Photo Credit: Wikimedia Commons & Flickr
On 22 August 1907, four decades before India gained its independence, a Parsi woman stood tall at the International Socialist Conference held in Stuttgart, Germany and unfurled the first Indian flag outside the Indian Subcontinent in front of about a thousand representatives from around the world. This woman was Bhikaiji Rustom Cama.
As she hoisted the flag, her words echoed in the room, “This flag is of Indian Independence! Behold, it is born! It has been made sacred by the blood of young Indians who sacrificed their lives.” As the representatives stood up to salute the flag, it was indeed a powerful moment for India.
Stood Up and Stood Tall
A freedom fighter and an advocate of women’s rights, Bhikaiji Cama born in an affluent Parsi family in Mumbai was well-educated and a keen learner. A nationalist at heart, Bhikaiji believed that the Britishers were exploiting India for their own profit. Her marriage to a pro-British lawyer ended with Cama walking out it and engaging in social work and got involved in uplifting the weaker sections of the society.
In 1896, Mumbai was hit by the famine and then the bubonic plague broke out in the Bombay Presidency. Bhikaiji who came to be known as Madam Cama, volunteered to help and save the victims. But during this she herself caught plague which left her weak and she was sent to Britain for recovery. UK ended up becoming her home for the rest of her life.
Nationalism in Britain
It was there she met Shyamji Krishna Varma, who was known for his nationalist speeches at Hyde Park. Through him, other Indian nationalists such as Lala Har Dayal, Singh Rewabhai Rana and Dadabhai Naoroji, who was the president of the British Committee of the Indian National Congress. She went on to become Naoroji’s private secretary. She addressed quite a few meetings at Hyde Park.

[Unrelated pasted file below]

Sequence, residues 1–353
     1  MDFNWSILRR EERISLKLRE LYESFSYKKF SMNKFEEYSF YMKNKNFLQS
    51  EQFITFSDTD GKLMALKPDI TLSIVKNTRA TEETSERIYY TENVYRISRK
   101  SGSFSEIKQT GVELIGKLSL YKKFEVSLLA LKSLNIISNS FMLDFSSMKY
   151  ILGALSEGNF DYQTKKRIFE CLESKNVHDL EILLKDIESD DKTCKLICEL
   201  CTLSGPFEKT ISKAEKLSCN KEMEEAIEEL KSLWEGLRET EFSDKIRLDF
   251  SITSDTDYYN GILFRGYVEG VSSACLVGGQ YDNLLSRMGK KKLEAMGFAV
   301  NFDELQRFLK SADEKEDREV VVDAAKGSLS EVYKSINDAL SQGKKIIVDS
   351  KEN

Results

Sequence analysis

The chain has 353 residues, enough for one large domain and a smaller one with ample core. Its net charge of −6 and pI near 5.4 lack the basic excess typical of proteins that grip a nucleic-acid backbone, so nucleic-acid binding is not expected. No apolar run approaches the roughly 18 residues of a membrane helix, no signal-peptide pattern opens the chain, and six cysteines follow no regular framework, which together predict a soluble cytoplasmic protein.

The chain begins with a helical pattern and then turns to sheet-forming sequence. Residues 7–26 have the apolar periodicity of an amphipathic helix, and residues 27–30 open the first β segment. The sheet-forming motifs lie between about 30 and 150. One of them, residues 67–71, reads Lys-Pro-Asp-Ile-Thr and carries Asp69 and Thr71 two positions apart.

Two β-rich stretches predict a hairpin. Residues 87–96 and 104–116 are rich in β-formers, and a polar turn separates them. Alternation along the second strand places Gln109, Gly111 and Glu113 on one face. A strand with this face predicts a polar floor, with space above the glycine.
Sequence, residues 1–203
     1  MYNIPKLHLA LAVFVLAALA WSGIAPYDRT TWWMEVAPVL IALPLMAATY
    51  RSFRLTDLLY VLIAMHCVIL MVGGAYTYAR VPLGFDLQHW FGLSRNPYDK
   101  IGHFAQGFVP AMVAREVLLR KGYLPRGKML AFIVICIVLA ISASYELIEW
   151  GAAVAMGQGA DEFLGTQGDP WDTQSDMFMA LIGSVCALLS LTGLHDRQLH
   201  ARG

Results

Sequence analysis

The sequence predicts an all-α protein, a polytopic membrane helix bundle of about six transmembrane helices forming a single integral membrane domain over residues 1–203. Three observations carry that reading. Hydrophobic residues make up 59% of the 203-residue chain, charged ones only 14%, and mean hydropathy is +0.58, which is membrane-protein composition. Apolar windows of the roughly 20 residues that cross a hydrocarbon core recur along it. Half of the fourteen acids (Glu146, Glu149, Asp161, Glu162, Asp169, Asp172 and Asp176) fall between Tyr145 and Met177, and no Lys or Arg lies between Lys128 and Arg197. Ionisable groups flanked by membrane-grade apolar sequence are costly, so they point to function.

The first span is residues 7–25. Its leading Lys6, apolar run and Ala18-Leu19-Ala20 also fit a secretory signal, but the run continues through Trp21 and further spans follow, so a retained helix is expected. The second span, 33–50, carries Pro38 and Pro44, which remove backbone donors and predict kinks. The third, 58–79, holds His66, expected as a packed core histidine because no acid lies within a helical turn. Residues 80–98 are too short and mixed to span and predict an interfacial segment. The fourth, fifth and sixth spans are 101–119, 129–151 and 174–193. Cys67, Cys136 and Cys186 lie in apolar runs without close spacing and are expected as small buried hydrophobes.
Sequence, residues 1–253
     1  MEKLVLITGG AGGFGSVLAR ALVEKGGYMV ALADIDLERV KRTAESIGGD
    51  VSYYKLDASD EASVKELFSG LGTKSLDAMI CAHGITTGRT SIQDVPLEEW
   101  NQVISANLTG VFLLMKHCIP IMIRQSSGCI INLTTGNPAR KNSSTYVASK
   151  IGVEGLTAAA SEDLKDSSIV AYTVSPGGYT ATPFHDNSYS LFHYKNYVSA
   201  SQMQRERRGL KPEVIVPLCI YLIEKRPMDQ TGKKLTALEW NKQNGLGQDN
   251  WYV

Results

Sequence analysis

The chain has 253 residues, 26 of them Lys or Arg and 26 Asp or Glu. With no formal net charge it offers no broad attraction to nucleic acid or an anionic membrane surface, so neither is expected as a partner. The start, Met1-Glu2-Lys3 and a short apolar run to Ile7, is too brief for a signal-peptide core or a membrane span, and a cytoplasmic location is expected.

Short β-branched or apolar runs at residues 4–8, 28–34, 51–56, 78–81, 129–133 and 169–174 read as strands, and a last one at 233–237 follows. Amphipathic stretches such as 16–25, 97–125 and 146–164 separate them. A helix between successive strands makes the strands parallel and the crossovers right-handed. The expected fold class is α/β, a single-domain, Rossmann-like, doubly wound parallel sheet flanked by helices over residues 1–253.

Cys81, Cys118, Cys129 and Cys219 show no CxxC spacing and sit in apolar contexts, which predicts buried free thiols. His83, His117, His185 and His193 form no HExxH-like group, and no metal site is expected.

In 1905, as her nationalist activities increased in London, she was told by the British that her return to India would be prohibited if she didn’t sign a statement promising to not participate in nationalist activities. She refused and remained in exile.
She shifted to Paris where she co-founded the Paris Indian Society along with S. R. Rana and Munchershah Burjorji Godrej. Cama and other Indian nationalists living in exile wrote, published and distributed revolutionary literature for the Indian independence movement, including Bande Mataram an Indian nationalist publication from Paris founded in response to the British ban on Bankim Chatterjee’s nationalist poem Vande mataram. These were published weekly and also smuggled into India through the French colony of Pondicherry.
The flag that Bhikaiji Cama hoisted in Germany.
Photo Credit: Wikimedia Commons
Unfurling the First Indian Flag Overseas
In August 1907, Cama raised the ‘Flag of Indian Independence’ in Germany asking equality and for autonomy from Britain.
The flag was co-designed by Cama and Shyamji Krishna Varma. The flag had three stripes, green, yellow and red representing Islam, Hinduism and Buddhism respectively. The green had eight blooming lotuses representing pre-independence India’s eight provinces. In the middle saffron stripe, ‘Bande Mataram’ was written across. The red stripe at the bottom displayed a half moon on the right and the rising sun on the left, indicating Hindu and Muslim faith.
The original flag by Cama is now on display at the Maratha and Kesari Library in Pune.
Fight for Women’s Rights
Along with her fight for Indian independence, Madam Cama stood for the cause of women. Attending the National Conference at Cairo, Egypt in 1910, Cama asked, “Where is the other half of Egypt? I see only men who represent half the country! Where are the mothers? Where are the sisters? You must not forget that the hands that rock cradles also build persons.”
Cama remained in exile in Europe until 1935. Paralysed by a stroke and nearing her death, she petitioned the British government to be allowed to return home. She was granted permission as she wasn’t in the condition to take part in the independence movement. She returned to India after 33 years.
But she didn’t live long enough to witness India attaining freedom. She breathed her last on August 13, 1936.
Editor’s Note: The story has been edited to correct spelling of Bhikaiji Rustom Cama’s first name. It should be Bhikaiji, not Bhikaji.